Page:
Never knowingly undersolved.

Everyman No 3314 (4th April)

Posted by Gaufrid on April 11th, 2010


I generally find Everyman puzzles to be on the easy side and this was no exception, though it did provide a gentle warm up in preparation for the Azed and EV. So far as I can see, there were only two answers that may be unfamiliar to some, 6dn which was clued in such a way that the solver needed a knowledge of French and science fiction in order to parse the wordplay, which was perhaps a little unfair, and 25ac where the wordplay was quite straightforward.

7 ASPIC  A SPIC[y] (chopped pungent)
10 OVERDUE  OVER (extra) DUE (expected)
12 LEADERSHIP  LEADERS (newspaper articles) HIP (with it)
14/15 LIKE NOBODY’S BUSINESS  LIKE (similar to) NOBODY’S (Charles Pooter’s) BUSINESS (profession) defn. ‘very much’ – a reference to the novel ‘Diary of a Nobody’ in which the main character and author of the diary is Charles Pooter
18 SPRY  R[ing] in SPY (agent)
23 PIMENTO  MEN (chaps) in *(POT I)
25 EVENTUATE  EVEN (uniform) U[trillo] in TATE (gallery
26 ROVES  ROVE[r]S – a reference to the Association Football team

1 EPEE  E (English) PEE[r] (aristocrat’s short)
2 ACIDHEAD  ACID (sharp) HEAD (boss)
3 SLEEPS  S (son) PEELS (shaves) reversed
5 EARL  hidden in ‘fEAR Lately’
6 RÉPÉTITEUR  E (European) PETITE (small, in French) in RUR (Czech play) – R.U.R. (Rossum’s Universal Robots), a science fiction play in the Czech language by Karel Capek which is noted for introducing the term “robot”
7/9 A ROLLING STONE GATHERS NO MOSS  A ROLLING STONE (one with rock group) GATHERS (learns) N (knight) O (old) MOSS (racing driver, Stirling Moss)
13 AUBERGINES  IN (popular) in AUBERGES (French taverns)
16 SCOTSMAN  CO (company) in ST (street) S (small) MAN (staff)
20 TOPPED  dd
22 TUTU  TUT (express disapproval) U[nion]
24 NAVY  VAN (vehicle) reversed [piccadill]Y

14 Responses to “Everyman No 3314 (4th April)”

  1. SimonG says:

    Thanks for the blog, Gaufrid.

    I thought 6dn was a little dubious – requiring a knowledge of French and science fiction to come up with a French word that (as far as I’m aware) is not in everyday use… That apart, a straightforward puzzle…

  2. Andrew K says:

    REPETITEUR was my last one in. I had to google RUR. Otherwise, fairly straightforward.

  3. Eileen says:

    I admit the answer to 6dn is a less well-known word but I don’t think ‘a knowledge of French’ is needed to know ‘petite’.
    This clue made me laugh when I got it: in my first term at university, a friend and I had signed up to be stage crew for RUR, which we’d never heard of. On the first night, they’d decided they needed more robots, so a handful of us were bundled into boiler suits, given a club, shoved onto the stage and told to look menacing! We never did discover what it was all about.

  4. SimonG says:

    Eileen, agreed!

    I should have made plainer that I meant a knowledge of French to recognise the solution as being a valid French word… even my scant knowledge of the language was able to come up with ‘petite’

  5. Eileen says:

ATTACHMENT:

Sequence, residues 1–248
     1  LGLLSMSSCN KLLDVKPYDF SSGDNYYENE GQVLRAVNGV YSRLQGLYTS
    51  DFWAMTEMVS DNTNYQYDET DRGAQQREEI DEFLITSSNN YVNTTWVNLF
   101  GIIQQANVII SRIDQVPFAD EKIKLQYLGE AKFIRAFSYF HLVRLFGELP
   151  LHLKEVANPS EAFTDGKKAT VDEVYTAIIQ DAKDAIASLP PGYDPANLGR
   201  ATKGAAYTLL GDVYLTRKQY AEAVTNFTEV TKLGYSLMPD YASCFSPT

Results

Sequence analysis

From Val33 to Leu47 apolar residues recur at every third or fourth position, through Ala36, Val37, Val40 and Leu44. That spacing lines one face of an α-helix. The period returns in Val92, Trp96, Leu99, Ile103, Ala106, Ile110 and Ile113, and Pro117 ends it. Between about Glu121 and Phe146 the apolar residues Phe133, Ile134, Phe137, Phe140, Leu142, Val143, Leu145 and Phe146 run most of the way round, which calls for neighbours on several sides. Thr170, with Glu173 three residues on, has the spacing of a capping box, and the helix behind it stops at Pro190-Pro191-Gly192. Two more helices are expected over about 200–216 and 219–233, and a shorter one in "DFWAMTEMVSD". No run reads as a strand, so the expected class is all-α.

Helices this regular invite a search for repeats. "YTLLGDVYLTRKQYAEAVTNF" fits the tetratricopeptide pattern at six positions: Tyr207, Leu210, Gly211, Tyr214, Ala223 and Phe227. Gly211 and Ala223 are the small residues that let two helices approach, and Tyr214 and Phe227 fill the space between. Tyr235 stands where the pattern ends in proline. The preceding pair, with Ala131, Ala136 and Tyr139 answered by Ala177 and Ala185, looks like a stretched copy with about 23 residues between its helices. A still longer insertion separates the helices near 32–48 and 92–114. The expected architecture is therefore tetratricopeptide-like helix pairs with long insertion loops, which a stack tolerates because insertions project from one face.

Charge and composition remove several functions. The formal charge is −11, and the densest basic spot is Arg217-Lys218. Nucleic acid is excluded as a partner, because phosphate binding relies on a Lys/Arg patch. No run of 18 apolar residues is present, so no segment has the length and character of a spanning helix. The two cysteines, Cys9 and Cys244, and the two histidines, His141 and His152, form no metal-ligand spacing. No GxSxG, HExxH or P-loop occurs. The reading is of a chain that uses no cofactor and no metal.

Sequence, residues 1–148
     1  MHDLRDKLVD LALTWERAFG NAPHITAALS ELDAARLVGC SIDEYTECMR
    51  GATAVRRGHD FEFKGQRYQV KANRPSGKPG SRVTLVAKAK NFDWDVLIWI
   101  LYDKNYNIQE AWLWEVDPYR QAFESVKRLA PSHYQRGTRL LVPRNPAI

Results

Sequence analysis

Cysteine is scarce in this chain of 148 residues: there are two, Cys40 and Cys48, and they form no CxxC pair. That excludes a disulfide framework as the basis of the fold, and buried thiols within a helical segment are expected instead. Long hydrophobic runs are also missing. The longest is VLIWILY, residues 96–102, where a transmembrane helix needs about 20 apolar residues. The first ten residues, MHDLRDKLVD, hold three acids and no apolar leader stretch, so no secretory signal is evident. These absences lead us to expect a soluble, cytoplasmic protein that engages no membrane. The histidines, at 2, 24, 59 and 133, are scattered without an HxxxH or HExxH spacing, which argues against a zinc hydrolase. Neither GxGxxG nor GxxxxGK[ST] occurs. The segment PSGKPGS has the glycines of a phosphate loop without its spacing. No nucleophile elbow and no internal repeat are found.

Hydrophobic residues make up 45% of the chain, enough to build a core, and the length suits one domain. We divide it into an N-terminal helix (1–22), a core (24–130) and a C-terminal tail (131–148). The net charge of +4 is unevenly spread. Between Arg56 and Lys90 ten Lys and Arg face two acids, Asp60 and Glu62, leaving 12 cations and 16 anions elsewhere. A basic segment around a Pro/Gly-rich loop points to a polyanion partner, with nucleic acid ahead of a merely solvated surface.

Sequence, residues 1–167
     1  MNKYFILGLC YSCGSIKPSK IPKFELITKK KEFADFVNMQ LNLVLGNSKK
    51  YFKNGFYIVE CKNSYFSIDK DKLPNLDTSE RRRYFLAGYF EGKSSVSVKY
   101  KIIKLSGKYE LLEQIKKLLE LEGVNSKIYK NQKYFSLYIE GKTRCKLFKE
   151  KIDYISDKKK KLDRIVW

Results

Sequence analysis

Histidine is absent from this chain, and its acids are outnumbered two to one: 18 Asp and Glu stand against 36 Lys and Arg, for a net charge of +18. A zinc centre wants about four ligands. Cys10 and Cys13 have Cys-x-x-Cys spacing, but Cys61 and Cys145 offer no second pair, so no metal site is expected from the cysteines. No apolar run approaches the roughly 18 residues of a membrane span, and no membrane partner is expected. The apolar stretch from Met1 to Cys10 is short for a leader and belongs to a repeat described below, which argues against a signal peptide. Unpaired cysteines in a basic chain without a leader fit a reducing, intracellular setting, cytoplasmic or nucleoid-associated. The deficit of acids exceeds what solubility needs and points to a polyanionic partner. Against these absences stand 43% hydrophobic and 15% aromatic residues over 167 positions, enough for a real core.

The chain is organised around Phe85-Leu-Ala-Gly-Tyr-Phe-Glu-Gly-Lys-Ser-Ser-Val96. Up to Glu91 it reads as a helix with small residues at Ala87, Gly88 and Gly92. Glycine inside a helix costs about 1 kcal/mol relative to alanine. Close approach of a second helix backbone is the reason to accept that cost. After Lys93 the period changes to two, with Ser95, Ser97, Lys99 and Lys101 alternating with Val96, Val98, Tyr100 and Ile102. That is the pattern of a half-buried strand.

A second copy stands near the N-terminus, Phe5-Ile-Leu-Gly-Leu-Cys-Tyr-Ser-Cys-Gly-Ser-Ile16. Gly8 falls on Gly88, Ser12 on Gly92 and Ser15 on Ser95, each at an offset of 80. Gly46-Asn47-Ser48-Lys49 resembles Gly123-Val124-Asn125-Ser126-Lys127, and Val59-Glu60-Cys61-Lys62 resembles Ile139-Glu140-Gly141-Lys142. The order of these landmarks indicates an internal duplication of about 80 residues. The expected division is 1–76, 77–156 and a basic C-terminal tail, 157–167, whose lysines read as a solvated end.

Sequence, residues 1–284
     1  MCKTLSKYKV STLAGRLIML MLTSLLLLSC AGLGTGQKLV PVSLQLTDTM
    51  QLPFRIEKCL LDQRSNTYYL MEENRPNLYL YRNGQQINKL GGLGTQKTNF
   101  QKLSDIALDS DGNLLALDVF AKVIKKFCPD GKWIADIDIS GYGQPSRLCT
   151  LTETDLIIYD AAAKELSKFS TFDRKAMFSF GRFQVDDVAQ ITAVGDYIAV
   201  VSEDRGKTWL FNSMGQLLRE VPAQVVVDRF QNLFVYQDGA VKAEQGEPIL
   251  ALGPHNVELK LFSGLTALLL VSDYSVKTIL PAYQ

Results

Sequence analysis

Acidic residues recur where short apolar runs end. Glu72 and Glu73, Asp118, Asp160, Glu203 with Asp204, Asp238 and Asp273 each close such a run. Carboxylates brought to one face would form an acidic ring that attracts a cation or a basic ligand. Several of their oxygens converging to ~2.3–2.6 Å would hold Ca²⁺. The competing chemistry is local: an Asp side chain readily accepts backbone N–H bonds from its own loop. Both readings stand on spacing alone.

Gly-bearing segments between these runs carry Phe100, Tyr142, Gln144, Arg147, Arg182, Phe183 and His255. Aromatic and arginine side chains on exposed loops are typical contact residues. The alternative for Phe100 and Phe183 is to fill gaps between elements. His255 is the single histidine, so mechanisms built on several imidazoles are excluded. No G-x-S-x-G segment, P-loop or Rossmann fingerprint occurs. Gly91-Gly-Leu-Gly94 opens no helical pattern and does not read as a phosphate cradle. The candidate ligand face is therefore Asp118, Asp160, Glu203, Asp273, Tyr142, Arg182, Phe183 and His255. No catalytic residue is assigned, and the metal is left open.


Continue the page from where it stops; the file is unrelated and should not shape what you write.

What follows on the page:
Sorry for the misunderstanding, SimonG! :-( [I was referring to Gaufrid’s comment, too, which referred to the wordplay, rather than the solution.]

  6. Kathryn's Dad says:

    Thanks, Gaufrid. I got répétiteur without knowing what the RUR bit was about, so thanks for explaining that. Not too tricky as you say, but eighteen months ago I was just managing to finish the Everyman on most Sundays, so goes to show what a bit of practice can do. I still think it’s one of the best puzzles for those comparatively new to cryptics, so to whoever sets it, well done.

    Eileen, your undergraduate days were clearly more eventful than mine! Can you still do menacing?

  7. Everyman says:

    I found it necessary to use répétiteur in order to keep EASTER SUNDAY as the top and bottom lines of the grid.

  8. SimonG says:

    Eileen, no problem!

    Everyman, excellent – managed to miss that completely!

  9. Kathryn's Dad says:

    Judging by the lack of comment on it previously, I think we all did, Simon … but cleverly done in any case.

  10. Gaufrid says:

    Not quite all K’s D. I spotted the Nina when I solved the puzzle early last Sunday morning and then completely forgot about it when I came to write the post nearly a week later. Had I known when solving that I was going to be covering this puzzle I would have made a note on my copy as a reminder.

  11. Eileen says:

    We’re not used to looking for Ninas in Everyman! I’m kicking myself because I actually had noticed how neatly A ROLLING STONE GATHERS NO MOSS fitted down each side – and missed the rest. Congratulations, Everyman!

  12. Tokyo Colin says:

    I whizzed through this fairly quickly (with a quick Google of RUR) and without much enjoyment. But am very sorry I missed “Easter Sunday” (you refer to it as a Nina?). That would have changed my mood and admiration for the setter completely.

  13. Gaufrid says:

    Hi Colin

    A ‘Nina’ is a message, or similar, hidden in the grid (often in the perimeter). It is so called because the American caricaturist Al Hirschfeld used to hide his daughter’s name, Nina, in many of his pictures.

  14. Tokyo Colin says:

    Thank you Gaufrid. Now I know what to look for and what to call it if I find it!

    And even though I find Everyman fairly simple, it seems a long step up to Azed and EV. Perhaps when I have more time available.

Leave a Reply

Don't forget to scroll down to the Captcha before you click 'Submit Comment'

XHTML: You can use these tags: <a href="" title=""> <abbr title=""> <acronym title=""> <b> <blockquote cite=""> <cite> <code> <del datetime=""> <em> <i> <q cite=""> <s> <strike> <strong>

3 + four =